The former England women's cricket captain, Baroness Rachael Heyhoe-Flint, has been granted the freedom of Wolverhampton, in recognition of her "eminent" services to her home city and to sport.
Heyhoe-Flint, who is also a vice-president of Wolverhampton Wanderers Football Club, was presented with a scroll and casket at a ceremony in the city centre, and declared she was “thrilled to bits” with the honour.
She first came to prominence as captain of the England women’s team from 1966 to 1978, during which time she led them to victory in the inaugural Women's World Cup in 1973. She then became the first woman to sit on the MCC general committee, and is now a director of the ECB.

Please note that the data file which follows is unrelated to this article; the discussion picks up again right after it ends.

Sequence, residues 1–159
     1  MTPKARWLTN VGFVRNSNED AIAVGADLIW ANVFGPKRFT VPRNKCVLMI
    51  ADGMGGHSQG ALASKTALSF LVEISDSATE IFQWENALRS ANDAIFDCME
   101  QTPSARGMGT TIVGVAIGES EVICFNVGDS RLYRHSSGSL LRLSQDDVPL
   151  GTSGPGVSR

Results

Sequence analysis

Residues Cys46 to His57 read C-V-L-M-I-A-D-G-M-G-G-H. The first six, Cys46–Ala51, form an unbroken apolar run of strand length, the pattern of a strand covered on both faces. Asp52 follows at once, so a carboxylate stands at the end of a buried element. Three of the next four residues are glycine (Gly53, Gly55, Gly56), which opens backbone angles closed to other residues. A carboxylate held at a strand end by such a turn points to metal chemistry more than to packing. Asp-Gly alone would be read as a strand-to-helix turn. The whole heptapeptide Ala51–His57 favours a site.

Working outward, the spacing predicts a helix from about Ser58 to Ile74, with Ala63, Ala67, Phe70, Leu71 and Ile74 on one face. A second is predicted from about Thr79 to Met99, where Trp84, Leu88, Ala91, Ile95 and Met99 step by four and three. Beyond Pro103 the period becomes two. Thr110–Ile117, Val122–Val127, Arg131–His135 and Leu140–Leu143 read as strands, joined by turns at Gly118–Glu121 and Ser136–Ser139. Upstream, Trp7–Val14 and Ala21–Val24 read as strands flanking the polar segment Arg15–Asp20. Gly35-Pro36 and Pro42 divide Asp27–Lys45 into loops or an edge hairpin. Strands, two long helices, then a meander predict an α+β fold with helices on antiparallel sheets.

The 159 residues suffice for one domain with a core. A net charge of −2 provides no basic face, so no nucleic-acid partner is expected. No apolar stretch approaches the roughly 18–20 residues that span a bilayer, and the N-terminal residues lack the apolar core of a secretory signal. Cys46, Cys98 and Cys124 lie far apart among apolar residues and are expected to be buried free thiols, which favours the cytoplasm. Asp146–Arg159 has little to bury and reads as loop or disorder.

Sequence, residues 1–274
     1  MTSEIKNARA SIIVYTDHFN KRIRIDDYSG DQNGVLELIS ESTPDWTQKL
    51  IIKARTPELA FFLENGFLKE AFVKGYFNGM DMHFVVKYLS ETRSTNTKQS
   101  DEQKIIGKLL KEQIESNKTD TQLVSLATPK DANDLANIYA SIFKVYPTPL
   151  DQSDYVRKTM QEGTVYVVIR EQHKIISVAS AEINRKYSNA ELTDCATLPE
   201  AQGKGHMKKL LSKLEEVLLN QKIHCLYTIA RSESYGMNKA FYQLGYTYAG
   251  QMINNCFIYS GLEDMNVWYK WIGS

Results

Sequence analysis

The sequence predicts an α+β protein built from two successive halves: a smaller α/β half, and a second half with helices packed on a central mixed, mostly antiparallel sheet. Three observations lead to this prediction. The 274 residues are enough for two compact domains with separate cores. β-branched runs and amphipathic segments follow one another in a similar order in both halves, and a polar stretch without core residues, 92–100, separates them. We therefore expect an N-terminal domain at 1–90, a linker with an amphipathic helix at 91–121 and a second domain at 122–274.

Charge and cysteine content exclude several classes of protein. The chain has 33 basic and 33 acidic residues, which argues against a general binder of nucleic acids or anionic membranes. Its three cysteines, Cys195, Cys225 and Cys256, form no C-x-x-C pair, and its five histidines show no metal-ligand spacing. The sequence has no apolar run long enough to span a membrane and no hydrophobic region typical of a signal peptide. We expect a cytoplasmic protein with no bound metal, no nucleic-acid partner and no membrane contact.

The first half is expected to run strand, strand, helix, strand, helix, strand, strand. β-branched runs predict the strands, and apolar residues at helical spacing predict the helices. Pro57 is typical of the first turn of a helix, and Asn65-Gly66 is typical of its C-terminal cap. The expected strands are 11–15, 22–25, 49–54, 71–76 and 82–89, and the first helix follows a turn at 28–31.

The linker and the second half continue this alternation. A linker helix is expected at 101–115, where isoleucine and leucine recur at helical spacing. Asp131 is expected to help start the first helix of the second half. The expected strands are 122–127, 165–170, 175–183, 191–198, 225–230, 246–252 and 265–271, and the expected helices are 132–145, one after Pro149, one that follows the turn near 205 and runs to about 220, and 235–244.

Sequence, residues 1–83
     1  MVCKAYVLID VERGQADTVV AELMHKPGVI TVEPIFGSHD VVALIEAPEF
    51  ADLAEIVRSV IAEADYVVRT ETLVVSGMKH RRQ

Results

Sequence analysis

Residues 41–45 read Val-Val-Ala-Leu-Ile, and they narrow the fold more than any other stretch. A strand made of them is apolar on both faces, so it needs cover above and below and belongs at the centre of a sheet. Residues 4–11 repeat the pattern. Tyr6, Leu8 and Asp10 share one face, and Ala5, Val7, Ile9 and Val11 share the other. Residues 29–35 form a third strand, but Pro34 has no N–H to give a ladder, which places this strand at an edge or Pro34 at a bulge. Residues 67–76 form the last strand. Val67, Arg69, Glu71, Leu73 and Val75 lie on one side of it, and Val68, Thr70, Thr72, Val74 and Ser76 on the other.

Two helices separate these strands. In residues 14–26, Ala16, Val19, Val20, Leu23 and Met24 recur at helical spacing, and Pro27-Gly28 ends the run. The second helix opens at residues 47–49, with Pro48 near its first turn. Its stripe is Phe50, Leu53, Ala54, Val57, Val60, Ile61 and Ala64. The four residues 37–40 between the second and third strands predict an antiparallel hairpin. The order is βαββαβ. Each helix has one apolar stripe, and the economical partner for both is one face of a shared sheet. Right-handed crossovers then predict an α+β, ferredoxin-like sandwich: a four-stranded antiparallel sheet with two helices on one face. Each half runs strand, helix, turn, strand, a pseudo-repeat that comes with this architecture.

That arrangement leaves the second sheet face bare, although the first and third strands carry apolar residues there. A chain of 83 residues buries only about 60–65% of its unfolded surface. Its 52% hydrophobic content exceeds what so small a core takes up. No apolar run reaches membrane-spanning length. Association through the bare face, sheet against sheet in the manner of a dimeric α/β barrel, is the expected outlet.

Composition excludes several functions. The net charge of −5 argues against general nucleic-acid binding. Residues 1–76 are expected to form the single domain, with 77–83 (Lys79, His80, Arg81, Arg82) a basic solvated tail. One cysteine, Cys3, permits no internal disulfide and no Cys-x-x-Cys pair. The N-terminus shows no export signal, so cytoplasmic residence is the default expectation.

"I am really thrilled because all that I've done in Wolverhampton, I've done because I've loved doing it - helping all the various charities,” she said at the ceremony, which was led by the Mayor of Wolverhampton, Councillor Malcolm Gwinnett.

Andrew Miller is the former UK editor of ESPNcricinfo and now editor of The Cricketer magazine